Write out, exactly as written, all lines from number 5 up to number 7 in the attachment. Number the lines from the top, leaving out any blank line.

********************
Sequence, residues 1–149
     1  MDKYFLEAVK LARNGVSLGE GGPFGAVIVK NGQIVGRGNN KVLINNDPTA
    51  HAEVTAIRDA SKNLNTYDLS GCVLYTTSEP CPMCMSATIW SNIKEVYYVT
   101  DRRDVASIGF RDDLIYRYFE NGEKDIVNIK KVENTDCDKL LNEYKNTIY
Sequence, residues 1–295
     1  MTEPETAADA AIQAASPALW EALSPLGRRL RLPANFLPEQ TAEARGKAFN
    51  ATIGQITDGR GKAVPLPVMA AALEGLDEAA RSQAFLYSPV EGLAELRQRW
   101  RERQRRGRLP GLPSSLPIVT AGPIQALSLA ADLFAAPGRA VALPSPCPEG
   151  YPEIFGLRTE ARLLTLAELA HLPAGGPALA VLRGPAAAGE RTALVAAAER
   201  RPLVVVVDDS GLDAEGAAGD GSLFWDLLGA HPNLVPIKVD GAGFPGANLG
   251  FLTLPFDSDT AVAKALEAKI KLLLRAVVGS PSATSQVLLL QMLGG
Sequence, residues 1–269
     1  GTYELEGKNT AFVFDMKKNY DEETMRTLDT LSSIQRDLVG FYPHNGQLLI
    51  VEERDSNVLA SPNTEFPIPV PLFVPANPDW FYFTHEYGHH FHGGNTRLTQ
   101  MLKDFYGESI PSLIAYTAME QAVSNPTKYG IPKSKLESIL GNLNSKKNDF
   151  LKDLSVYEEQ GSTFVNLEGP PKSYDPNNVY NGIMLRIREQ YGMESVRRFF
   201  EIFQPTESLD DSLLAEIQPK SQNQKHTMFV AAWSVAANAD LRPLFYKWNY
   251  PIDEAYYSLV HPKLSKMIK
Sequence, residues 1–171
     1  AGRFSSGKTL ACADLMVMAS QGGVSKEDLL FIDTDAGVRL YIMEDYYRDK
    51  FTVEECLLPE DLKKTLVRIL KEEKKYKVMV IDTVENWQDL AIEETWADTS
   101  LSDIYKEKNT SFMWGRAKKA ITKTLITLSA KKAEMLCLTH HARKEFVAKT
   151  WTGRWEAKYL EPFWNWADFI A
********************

Sequence, residues 1–295
     1  MTEPETAADA AIQAASPALW EALSPLGRRL RLPANFLPEQ TAEARGKAFN
    51  ATIGQITDGR GKAVPLPVMA AALEGLDEAA RSQAFLYSPV EGLAELRQRW